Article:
Together with morphological assessment we used CD34 and CD38 immunofluorescence-intensity and staining pattern to classify HSCs/MPPs and progenitors. A further sub-classification would demand inclusion of additional markers. One such marker could be CD90 [48], but during our preliminary investigations we were unable to find an antibody resulting in the necessary crisp, uniform, reproducible staining that we need. CD49f is another example of a marker that could be used to separate the HSCs from the MPPs [49], and it could be interesting to include CD49f in a future study. Moreover, CD45RA can probably be used to identify a population of CD34+/CD38- early lymphoid progenitors [49]. Furthermore, it would be of great interest to extend the present characterization to other BM components, including macrophages [50], nerves [51], and MSCs [8,15,52]. A close physical association has been observed between sinusoids and MSCs, both in humans and in mice [8,15,52]. Murine studies have shown that normal MSCs are the major source of the chemokine CXCL12 [15]. Moreover, in a murine model of chronic myeloid leukemia deletion of CXCL12 in MSCs was shown to support the expansion of leukemic stem cells and suppress normal hematopoiesis, while deletion of CXCL12in endothelial cells led to a diminished expansion of leukemic stem cells [53]. The inclusion of CD271 [54,55] in a multiplex immunofluorescence-staining together with CD34 and CD38 in human BM biopsies both from normal individuals and patients with myeloid BM diseases could bring valuable insight into the relation between HSPCs, endothelial cells and MSCs in the human context.

The strengths of this study are: i) that we included healthy volunteers who are genetically heterogeneous, and represent a broad age span; ii) that the biopsies were obtained and processed according to standard procedures; iii) that the selected antibodies are commercially available; iv) that we identified the HSPCs using a combination of recognized markers and a set of morphological criteria on high quality material through a consensus agreement between health care professionals complementing each other’s different professional backgrounds.

Because of the evidence regarding the influence of aging on the HSPC microenvironment [14,56], we investigated whether it was possible to find any correlations between aging and HSPC localization; which we were not able to find. However, such a finding must be interpreted with great caution because we are dealing with a small sample size (biopsy wise), and at the same time with an uneven distribution of the different age groups.

In our study we found no significant association between HSPCs and the BM microenvironments that had the highest and lowest level of presence, e.g. the adipocytes, and the collecting sinusoids. What we found were highly significant associations for BM components with different levels of presence, e.g. the sinusoids and the arteries. Altogether, our data give no support for the findings that it should be the abundancy of the microenvironment in itself that dictates whether it associates to HSPC presence [57].

One might note that the ratio of HSCs/MPPs to progenitors differs in this study where we use a histological approach compared to flow cytometry. In order to understand the differences one should consider the different aspects of these approaches, including stereology and sampling. Firstly, the purpose of this study has been to investigate the association between HSPCs and BM components, and since we have not used a dissector, this study does not have the stereological design to make a quantification of cell numbers [58]. Thus, the reported cell numbers are estimates. Secondly, an unknown proportion of the HSCs/MPPs are sticking to the BM components, e.g. the sinusoids, implying that they will have a higher level of presence in BM sections compared to BM aspirates [59]. Thirdly, a small proportion of lymphoid progenitors are CD34+/CD38-/CD45RA+ [49], leading to a slight underestimation of the total number of progenitors. Fourthly, we have applied a set of morphological criteria which is not part of the flow cytometry set up. Fifthly, there is a variability in the intensity of staining amongst BM biopsies, which is one of the reasons why it is so important to use a statistical approach that takes both pooled data and data clustering into account.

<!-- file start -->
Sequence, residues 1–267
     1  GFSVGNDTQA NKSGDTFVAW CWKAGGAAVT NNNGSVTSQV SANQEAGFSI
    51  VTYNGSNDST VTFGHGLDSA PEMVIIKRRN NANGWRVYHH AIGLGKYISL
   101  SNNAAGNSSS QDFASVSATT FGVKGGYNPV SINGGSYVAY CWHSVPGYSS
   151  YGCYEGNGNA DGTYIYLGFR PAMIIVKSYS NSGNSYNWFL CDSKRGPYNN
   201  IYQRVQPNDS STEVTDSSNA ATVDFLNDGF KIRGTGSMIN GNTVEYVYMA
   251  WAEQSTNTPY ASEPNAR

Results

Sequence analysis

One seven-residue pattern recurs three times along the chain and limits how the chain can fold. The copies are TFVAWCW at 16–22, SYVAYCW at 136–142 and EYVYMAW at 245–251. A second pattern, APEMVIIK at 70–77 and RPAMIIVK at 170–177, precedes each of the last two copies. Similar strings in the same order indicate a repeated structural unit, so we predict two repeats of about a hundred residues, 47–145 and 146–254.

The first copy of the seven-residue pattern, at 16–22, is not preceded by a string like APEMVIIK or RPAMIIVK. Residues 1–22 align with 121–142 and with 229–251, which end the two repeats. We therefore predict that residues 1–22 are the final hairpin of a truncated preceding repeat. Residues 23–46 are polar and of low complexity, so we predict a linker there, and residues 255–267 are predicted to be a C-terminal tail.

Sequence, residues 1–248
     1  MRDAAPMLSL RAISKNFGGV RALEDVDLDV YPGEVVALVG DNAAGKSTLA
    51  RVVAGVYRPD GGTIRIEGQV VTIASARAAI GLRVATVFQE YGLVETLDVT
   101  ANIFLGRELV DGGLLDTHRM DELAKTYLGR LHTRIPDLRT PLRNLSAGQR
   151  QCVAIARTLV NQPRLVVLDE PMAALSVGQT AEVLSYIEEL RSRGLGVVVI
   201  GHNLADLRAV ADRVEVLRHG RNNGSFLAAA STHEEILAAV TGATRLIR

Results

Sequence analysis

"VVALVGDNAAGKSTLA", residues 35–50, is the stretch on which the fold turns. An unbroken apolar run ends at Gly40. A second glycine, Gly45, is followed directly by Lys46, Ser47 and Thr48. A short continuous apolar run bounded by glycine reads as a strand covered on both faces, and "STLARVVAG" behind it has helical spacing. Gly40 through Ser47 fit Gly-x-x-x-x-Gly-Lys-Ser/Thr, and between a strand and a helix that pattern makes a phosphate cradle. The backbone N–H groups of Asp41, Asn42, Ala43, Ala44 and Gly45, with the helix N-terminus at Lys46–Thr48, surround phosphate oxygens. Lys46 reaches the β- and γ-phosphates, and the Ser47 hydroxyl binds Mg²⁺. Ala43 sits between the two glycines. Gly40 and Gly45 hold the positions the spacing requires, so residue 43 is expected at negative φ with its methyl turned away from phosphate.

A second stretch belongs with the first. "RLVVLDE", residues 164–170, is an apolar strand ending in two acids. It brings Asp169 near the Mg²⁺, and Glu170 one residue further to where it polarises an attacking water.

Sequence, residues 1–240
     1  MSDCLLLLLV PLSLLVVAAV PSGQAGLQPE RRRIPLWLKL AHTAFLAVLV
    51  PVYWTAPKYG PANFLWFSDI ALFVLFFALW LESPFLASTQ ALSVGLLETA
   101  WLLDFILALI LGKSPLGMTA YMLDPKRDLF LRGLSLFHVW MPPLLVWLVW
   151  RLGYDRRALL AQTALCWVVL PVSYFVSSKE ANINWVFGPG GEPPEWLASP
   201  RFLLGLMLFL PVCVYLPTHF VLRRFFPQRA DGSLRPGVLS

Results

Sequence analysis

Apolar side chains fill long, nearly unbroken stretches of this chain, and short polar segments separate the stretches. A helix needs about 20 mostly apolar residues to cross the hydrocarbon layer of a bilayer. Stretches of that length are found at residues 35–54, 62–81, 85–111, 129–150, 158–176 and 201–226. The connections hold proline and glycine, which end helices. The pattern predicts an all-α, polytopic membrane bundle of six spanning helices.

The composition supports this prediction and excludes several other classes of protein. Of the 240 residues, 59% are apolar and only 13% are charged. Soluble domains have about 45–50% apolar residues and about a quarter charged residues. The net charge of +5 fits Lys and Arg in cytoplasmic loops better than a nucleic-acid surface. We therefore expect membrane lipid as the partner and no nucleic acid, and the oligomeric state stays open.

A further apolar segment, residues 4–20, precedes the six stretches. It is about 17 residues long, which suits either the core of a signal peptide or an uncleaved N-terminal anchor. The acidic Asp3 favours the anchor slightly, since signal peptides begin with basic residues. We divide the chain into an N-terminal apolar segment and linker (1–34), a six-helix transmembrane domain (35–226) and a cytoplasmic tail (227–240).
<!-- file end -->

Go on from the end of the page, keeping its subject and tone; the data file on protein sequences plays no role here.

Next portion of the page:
In conclusion, we use a multiplex immunofluorescence-approach to detect human HSPC markers, and brightfield imaging as well as a multiplex immunohistochemistry-approach on adjacent sections to obtain knowledge about the positioning of these HSPCs. We show that the microenvironment of the HSCs/MPPs is significantly enriched in sinusoids and megakaryocytes, while the microenvironment of the progenitors is significantly enriched in capillaries, other progenitors, bone surfaces and arteries. Hereby, we expand several observations already made in mice to a human context. Our findings show some degree of conservation among species: (i) compared to random cells, HSCs are more likely to have a sinusoid in their microenvironment and less likely to have a bone surface or a capillary [2]; (ii) the HSC microenvironment is enriched in megakaryocytes [4,17]; (iii) there is a rich capillary network close to the bone surface [18]–fitting previous findings of a higher oxygen tension in the BM next to bone surfaces [24]. Our multicomponent analysis brings new insights into the organization of the human BM microenvironment. It could be very interesting to extend the analysis to include both additional BM components, such as macrophages, nerves, and MSCs in the physiological setting, and to expand our knowledge regarding the BM microenvironment in BM malignancies.

Acknowledgments

We thank: The women that gave the essential BM biopsies; Kaja Søndergaard Laursen for her outstanding technical assistance; Birgit Debrabant for her advice concerning statistics; Jakub Krecik for his advice regarding cytology and; Signe Lehmann Rasmussen for her advice sharpening English and grammar.